A ferocious free-for-all among the top web browsers
The landscape is evolving and you can either change with it or be left behind. This is the position browser makers find themselves in as cloud computing and touch interfaces take center stage, as Windows 8 with its vastly overhauled UI continues to wiggle into more homes and businesses around the world, and as web developers push increasing amounts of rich content at site visitors.
Note: This article was originally featured in the December 2013 issue of the magazine.
Windows 8.1: Another year in the oven makes for a tasty piece of meat
Reviewing an update to an operating system feels a little odd, doesn’t it? After all, if you already use Windows 8, it’s not like you’re not going to install Windows 8.1. Sure, there’s always the threat of compatibility issues, but Microsoft seems to have this one covered pretty well with the website (and scanning tool) that it’s dedicated to the Windows 8.1 update.
Adobe’s Lightroom has never been an easy application to explain to the uninitiated, but we’ll give it a shot. Lightroom 4 is, at its core, two things: a DAM (digital asset manager) and a raw-file developer. Sure, it also comes with new or updated modules for mapping and creating books, slide shows, and the like, but the key features are its Library and Develop modules.
Lightroom 4.0 allows you to bulk-edit images quickly so you don’t have to sit in one photo for hours.
F-Secure caught lightning in a bottle, poured it into its scan engine, and then built a security suite around it. When we say this scanner’s fast, we mean buckle up, hold on to the seat of your pants, and hope you don’t get whiplash. F-Secure’s scanner sped through our test bed in just three minutes and 18 seconds the first time around, which is nearly twice as fast as the next-quickest AV suite and more nimble than the second, optimized scans of 60 percent of the other apps in this roundup. During a second scan, F-Secure zipped through our files in a mere 45 seconds.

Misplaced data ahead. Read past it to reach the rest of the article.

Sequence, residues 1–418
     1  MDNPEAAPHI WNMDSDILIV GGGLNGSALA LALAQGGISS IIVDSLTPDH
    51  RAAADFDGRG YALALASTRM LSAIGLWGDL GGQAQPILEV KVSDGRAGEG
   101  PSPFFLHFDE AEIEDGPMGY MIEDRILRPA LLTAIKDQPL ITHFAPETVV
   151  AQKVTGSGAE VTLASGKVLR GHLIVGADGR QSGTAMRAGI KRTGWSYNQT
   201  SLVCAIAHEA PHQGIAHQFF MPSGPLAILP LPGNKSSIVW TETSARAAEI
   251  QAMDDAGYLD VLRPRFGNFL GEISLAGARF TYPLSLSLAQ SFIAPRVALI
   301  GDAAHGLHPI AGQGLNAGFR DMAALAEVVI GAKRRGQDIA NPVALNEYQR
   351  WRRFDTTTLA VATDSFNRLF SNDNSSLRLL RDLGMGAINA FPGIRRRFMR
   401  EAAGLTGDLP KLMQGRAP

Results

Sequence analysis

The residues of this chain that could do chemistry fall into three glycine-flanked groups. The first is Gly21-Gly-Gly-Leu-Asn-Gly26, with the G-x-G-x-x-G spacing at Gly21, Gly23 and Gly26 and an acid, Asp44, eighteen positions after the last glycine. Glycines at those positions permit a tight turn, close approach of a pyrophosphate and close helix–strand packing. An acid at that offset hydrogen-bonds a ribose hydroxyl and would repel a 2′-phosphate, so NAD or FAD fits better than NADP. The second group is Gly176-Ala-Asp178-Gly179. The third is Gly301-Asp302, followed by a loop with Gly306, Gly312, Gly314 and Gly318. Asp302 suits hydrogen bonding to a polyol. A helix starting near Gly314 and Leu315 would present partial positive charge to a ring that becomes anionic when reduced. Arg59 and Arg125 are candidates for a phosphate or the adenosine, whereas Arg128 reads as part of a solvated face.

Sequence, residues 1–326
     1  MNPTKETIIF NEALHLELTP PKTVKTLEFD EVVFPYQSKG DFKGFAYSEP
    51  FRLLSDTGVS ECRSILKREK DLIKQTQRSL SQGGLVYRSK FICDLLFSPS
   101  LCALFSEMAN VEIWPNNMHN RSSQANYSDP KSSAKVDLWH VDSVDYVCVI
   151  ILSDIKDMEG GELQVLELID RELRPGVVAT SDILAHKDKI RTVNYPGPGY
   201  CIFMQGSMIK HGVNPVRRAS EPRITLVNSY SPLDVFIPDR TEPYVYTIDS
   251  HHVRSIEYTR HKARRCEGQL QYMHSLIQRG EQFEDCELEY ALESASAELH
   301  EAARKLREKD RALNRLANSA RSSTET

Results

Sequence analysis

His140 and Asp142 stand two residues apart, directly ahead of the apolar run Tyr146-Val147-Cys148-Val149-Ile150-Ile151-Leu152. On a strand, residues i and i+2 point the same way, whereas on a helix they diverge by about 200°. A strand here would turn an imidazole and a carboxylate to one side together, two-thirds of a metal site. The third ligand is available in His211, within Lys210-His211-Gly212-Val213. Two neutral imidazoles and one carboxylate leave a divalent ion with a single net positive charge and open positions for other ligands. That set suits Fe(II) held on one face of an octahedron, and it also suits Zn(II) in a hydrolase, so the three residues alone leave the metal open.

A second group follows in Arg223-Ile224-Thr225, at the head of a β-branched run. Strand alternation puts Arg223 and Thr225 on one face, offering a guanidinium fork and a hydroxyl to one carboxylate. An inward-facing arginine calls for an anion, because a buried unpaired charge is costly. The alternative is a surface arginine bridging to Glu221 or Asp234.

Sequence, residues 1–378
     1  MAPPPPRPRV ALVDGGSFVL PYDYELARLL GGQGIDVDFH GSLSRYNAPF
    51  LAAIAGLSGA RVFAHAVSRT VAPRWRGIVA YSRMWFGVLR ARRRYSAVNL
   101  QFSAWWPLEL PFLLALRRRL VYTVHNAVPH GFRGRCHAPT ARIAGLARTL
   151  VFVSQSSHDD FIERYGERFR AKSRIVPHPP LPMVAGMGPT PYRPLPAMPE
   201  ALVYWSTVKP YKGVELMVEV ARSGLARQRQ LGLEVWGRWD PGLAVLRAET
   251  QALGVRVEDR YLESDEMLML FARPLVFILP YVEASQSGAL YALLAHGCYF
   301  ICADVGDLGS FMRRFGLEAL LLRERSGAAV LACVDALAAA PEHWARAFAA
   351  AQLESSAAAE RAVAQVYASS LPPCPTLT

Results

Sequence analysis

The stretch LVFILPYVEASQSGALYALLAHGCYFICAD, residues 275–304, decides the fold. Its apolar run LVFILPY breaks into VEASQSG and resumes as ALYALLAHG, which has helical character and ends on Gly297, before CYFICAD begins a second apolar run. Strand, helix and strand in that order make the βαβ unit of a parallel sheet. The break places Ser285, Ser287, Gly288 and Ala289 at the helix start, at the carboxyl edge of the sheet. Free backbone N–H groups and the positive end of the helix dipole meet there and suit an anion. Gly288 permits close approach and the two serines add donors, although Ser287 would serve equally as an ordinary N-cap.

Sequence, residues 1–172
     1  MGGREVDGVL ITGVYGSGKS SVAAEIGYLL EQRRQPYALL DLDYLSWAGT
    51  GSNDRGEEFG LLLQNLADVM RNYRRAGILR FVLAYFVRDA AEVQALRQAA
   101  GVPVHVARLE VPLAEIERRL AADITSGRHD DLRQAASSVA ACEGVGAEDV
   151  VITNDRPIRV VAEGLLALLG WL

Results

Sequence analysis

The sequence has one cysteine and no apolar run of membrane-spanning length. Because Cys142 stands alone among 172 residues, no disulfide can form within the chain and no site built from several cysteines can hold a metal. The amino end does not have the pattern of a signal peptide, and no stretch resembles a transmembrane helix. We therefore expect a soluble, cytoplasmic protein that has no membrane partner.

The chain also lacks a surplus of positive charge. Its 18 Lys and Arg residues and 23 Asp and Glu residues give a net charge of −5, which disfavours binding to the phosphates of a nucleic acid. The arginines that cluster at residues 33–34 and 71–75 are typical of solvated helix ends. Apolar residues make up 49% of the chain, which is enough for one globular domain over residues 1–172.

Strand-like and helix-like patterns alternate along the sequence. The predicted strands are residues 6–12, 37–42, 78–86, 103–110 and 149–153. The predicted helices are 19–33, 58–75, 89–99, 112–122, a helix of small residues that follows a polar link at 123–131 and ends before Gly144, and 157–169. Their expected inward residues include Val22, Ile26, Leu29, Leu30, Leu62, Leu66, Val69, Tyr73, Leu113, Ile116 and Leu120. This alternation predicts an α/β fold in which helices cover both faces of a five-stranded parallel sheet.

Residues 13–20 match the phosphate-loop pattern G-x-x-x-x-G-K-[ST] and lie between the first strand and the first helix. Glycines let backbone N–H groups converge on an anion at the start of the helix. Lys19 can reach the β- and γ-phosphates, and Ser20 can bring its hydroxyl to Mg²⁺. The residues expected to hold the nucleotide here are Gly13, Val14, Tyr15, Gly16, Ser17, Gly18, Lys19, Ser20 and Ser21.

Webroot used to focus its attention solely on system utilities and antispyware programs, such as Spy Sweeper, arguably it’s most popular product. Starting in 2006, Webroot widened its security net and now offers a fleshed-out lineup of antivirus products, the one reviewed here being its flagship suite.
When you first install BullGuard, you’re prompted to select a notification level. One of the two choices clamps a muzzle on BullGuard, stifling alerts the program can figure out on its own. The other promises more notifications so you’ll always know what the mutt is up to. We say mutt because BullGuard is another security suite that builds on top of someone else’s scan engine. We saw this with ZoneAlarm, which chose to go with Kaspersky, while BullGuard fetched BitDefender’s scan engine, another solid choice.
Sharing the spotlight with ZA’s well-known firewall is Kaspersky’s integrated scan engine. Kaspersky earned a 9 verdict and a Kick Ass award last year, and in our eyes, pairing its scan engine with ZA’s firewall is like hiring Chuck Norris and Bruce Lee as your personal bodyguards. If only they had come dressed for the job.
It’s hard not to look a gift horse in the mouth when you’re told it’s a potential thoroughbred capable of racing in the Kentucky Derby, but later find out it’s limping on two legs short of a set and isn’t even fit for making glue. That’s what we think about ClamWin, a free, open-source antivirus program that comes saddled with “gotchas.”
BitDefender flies in the face of conventional wisdom in more ways than one. Like most security suites, BIS runs the risk of spreading itself too thin by combining antivirus, antispyware, antiphishing, a firewall, parental controls, antispam, and more into a single package. That’s a challenge in and of itself, but BitDefender also attempts to cater to computer users of all skill levels, whether you consider yourself a beginner, intermediate, or expert. A tough challenge, but BitDefender proves up to the task.
Panda holds a ton of promise, and if it weren’t for a few niggling issues, we’d anoint it our favorite security suite. But there are some things that just can’t be ignored, like the same persistent pop-ups we complained about in the 2010 release. It started from the get-go with Panda reminding us that we still needed to activate the program (even though we hadn’t previously been prompted). Shortly after, another pop-up appeared imploring us to register, something that is usually optional. In this case, our choices were to go ahead and register or be reminded at a future date (one day, one week, or one month), with no option to disregard it forever. Bad Panda!